Natural Area Reserves System Hawaii

The Natural Area Reserves System (NARS) of Hawaii is a statewide attempt to preserve in perpetuity specific land and water areas which support communities, as relatively unmodified as possible, of the natural flora and fauna, as well as geological sites, of Hawaii.

HistoryEdit

Established in 1970 by Hawaii Revised Statutes Chapter 195, the system presently consists of 19 reserves on five islands, encompassing more than 109,000 acres (440 km2) of the State's ecosystems. The diverse areas found in the NARS range from marine and coastal environments to lava flows, tropical rainforests, and even an alpine desert. Within these areas one can find rare endemic plants and animals, many of which are on the edge of extinction.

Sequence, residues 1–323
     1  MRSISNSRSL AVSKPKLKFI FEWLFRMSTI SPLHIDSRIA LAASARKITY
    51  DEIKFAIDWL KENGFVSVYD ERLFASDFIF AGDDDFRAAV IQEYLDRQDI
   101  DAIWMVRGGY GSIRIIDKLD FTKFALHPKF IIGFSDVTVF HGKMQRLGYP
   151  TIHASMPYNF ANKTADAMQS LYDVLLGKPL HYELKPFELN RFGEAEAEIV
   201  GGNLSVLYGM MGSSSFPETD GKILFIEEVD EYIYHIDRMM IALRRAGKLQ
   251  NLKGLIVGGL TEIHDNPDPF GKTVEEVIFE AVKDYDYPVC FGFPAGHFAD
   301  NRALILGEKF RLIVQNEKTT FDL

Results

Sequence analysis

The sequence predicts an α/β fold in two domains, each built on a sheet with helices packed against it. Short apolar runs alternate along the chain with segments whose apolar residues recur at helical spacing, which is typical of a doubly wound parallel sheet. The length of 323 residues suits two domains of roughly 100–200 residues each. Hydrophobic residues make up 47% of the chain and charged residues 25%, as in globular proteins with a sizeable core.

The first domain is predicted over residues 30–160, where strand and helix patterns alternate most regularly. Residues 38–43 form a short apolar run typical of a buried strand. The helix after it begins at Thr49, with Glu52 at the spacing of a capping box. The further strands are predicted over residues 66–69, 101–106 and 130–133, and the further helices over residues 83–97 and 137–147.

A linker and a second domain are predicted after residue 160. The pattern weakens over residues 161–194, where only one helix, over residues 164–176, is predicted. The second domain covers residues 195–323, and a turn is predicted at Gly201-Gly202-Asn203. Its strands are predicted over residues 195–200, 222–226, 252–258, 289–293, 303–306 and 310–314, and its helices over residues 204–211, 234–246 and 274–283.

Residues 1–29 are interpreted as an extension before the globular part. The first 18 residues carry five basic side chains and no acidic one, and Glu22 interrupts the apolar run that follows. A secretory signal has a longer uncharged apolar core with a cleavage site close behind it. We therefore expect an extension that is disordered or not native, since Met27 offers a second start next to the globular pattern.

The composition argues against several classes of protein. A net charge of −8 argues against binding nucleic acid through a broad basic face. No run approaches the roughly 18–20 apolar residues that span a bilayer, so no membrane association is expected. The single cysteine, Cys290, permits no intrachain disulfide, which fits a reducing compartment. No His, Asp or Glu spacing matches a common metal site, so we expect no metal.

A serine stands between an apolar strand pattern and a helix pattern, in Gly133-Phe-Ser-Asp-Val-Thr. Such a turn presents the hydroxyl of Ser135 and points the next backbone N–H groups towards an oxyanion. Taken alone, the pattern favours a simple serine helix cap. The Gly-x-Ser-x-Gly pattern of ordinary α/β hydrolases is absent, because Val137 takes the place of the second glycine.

The Natural Area Reserves System is administered by the Department of Land and Natural Resources, Division of Forestry and Wildlife. Currently, management teams are working to control the encroachment of non-native plants and animals which threaten the existence of the natural biota on the reserves.

The reserves include:

Hawaiʻi IslandEdit

KauaʻiEdit

MauiEdit

MolokaʻiEdit

  • Olokuʻi
  • Puʻu Aliʻi

OʻahuEdit

NotesEdit

ReferencesEdit